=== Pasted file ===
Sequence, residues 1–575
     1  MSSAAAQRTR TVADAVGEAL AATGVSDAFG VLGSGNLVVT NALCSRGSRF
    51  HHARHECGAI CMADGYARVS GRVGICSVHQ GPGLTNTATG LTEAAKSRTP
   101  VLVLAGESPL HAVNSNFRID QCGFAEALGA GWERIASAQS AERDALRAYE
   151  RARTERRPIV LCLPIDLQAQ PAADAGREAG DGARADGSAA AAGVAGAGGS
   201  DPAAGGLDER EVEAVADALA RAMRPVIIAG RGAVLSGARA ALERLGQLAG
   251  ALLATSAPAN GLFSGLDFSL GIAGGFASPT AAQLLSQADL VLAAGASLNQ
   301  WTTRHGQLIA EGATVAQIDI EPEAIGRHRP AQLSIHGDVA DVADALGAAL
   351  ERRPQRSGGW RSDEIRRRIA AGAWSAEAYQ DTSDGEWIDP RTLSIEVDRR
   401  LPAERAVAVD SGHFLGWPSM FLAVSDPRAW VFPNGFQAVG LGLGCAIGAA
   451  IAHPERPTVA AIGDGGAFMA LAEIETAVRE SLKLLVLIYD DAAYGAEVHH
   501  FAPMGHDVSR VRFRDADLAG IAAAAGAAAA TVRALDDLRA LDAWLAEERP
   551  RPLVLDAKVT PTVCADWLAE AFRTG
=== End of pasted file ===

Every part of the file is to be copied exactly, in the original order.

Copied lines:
Sequence, residues 1–575
     1  MSSAAAQRTR TVADAVGEAL AATGVSDAFG VLGSGNLVVT NALCSRGSRF
    51  HHARHECGAI CMADGYARVS GRVGICSVHQ GPGLTNTATG LTEAAKSRTP
   101  VLVLAGESPL HAVNSNFRID QCGFAEALGA GWERIASAQS AERDALRAYE
   151  RARTERRPIV LCLPIDLQAQ PAADAGREAG DGARADGSAA AAGVAGAGGS
   201  DPAAGGLDER EVEAVADALA RAMRPVIIAG RGAVLSGARA ALERLGQLAG
   251  ALLATSAPAN GLFSGLDFSL GIAGGFASPT AAQLLSQADL VLAAGASLNQ
   301  WTTRHGQLIA EGATVAQIDI EPEAIGRHRP AQLSIHGDVA DVADALGAAL
   351  ERRPQRSGGW RSDEIRRRIA AGAWSAEAYQ DTSDGEWIDP RTLSIEVDRR
   401  LPAERAVAVD SGHFLGWPSM FLAVSDPRAW VFPNGFQAVG LGLGCAIGAA
   451  IAHPERPTVA AIGDGGAFMA LAEIETAVRE SLKLLVLIYD DAAYGAEVHH
   501  FAPMGHDVSR VRFRDADLAG IAAAAGAAAA TVRALDDLRA LDAWLAEERP
   551  RPLVLDAKVT PTVCADWLAE AFRTG